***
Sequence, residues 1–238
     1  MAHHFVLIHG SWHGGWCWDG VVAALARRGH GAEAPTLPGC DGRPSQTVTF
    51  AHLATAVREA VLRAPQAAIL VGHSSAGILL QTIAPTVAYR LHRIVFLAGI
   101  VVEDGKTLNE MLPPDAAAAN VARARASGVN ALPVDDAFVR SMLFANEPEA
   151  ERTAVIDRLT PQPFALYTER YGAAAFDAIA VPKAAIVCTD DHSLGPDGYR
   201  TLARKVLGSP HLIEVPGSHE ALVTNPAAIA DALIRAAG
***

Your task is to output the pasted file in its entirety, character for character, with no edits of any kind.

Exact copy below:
Sequence, residues 1–238
     1  MAHHFVLIHG SWHGGWCWDG VVAALARRGH GAEAPTLPGC DGRPSQTVTF
    51  AHLATAVREA VLRAPQAAIL VGHSSAGILL QTIAPTVAYR LHRIVFLAGI
   101  VVEDGKTLNE MLPPDAAAAN VARARASGVN ALPVDDAFVR SMLFANEPEA
   151  ERTAVIDRLT PQPFALYTER YGAAAFDAIA VPKAAIVCTD DHSLGPDGYR
   201  TLARKVLGSP HLIEVPGSHE ALVTNPAAIA DALIRAAG